Nah, it’s self interest as duly noted by others and myself. You have the freedom to judge this attitude of course. To me it would be like me (unfairly) judging gregarious extroverted Facebook public wall or Twitter posters as show-offy, virtue signaling, humble bragging, and egocentric echo chamber mongers. I’m introverted and private compared to the average person and never use social media for anything other than one-one messages, most certainly not the Facebook (bathroom) wall, although I’m not philosophically opposed to scrawling on an actual bathroom wall :slight_smile: given its anonymity, assuming the establishment doesn’t mind it or appears to encourage it.

We all have our personality quirks and self-centerisms and mine in my view is hardly egregious. My view of the world is I have the freedom to choose how I act unless constrained otherwise by a formal or verbal agreement or by law, especially in a business.

FWIW, if it makes you feel better, I had a nasty guest this week, my first bad experience, who showed up as three after booking for two, and refused to pay when confronted with the building’s security camera evidence. He really does make me want to write a factual negative review for the benefit of other hosts (so they don’t get lured by his small number of positive reviews like I was), but I admittedly haven’t actually done so yet and am hardly dying to do so.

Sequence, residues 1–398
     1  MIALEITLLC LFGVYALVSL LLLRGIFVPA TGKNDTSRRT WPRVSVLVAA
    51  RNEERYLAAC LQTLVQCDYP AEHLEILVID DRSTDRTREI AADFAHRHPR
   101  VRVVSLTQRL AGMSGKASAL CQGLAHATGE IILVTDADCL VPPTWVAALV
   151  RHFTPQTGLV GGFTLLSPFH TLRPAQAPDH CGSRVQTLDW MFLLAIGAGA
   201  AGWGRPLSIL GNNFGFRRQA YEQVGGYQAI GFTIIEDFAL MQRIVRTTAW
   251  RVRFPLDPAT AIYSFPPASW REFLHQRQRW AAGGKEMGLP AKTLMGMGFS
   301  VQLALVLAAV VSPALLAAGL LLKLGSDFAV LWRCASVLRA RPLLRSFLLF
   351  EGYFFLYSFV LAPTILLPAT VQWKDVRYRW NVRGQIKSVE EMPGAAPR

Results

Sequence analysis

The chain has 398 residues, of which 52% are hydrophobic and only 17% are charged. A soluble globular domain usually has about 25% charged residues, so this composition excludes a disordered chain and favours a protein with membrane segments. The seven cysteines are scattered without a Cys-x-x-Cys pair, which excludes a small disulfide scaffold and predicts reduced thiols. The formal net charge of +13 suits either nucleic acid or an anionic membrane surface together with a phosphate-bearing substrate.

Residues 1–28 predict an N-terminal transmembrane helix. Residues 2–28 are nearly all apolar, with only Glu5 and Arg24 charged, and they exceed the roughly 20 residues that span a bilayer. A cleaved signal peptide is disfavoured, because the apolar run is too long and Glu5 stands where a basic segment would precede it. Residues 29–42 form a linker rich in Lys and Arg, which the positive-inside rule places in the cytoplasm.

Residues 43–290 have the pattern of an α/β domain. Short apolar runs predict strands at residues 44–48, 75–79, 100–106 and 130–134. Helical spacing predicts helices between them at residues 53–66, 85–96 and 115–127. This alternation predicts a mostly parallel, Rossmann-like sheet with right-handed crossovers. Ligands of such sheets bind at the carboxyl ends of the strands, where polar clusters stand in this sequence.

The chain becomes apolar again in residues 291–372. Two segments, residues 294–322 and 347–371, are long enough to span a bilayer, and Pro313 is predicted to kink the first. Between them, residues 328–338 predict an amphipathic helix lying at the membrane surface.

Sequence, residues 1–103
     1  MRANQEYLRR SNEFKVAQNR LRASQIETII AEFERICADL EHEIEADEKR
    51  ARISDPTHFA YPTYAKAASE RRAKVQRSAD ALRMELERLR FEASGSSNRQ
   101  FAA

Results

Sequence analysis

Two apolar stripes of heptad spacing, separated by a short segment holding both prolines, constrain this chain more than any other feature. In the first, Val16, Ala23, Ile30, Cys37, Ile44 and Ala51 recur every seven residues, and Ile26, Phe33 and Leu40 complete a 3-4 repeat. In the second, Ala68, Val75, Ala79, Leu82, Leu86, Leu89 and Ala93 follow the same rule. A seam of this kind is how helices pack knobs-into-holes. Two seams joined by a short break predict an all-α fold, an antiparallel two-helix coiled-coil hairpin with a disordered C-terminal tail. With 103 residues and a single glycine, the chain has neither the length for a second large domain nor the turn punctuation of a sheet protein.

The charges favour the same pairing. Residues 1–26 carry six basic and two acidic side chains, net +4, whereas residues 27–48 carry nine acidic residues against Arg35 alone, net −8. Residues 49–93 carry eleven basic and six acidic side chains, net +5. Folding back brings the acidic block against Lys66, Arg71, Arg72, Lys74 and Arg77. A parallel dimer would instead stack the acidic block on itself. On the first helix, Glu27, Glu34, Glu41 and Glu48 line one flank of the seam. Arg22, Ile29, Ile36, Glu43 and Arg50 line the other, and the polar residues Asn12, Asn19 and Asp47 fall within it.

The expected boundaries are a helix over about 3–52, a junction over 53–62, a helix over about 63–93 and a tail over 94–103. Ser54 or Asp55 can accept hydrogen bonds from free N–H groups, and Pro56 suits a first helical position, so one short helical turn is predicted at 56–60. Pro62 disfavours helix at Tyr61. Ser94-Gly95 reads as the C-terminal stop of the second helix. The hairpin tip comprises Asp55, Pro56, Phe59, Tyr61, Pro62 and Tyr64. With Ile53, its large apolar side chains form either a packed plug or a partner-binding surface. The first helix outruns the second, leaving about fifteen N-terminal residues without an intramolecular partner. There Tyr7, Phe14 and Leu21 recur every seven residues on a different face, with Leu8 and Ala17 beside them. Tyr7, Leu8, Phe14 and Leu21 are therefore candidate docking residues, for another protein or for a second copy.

I hear you and refer you to my reply to @Annet3176. The privacy is as much about personality as online privacy.

But it is also about online privacy. As a tech expert with the ability to fairly easily obtain compromising information about most anyone while staying within legal limits, I’d say online privacy is all about how high you make the bar. Just like real world security and privacy, nothing is absolutely bulletproof. I host anonymously and my adopted host name is gender anonymous. Sure, if someone knows your address, they can know who the owner is. But only booked guests know your address. And they still don’t know for sure who the host really is or if the owner is even the host.

My last response and will stop after, promise. Some people are different from the norm and different from you. You might find them ridiculous or even weirdos, but consider that they might just be different.

I provide a fantastic hosting service to my guests and my guests feel it (and happen to effuse publicly about it of their own volition). I am confident that Airbnb has no issue with introverted hosts/guests like me and values my hosting business and is comfortable with my usage of the freedom they grant me to choose to not leave reviews. If they incentivized writing reviews (like Amazon or third parties do for some customers), I might think differently. Otherwise I neither seek nor care to write reviews.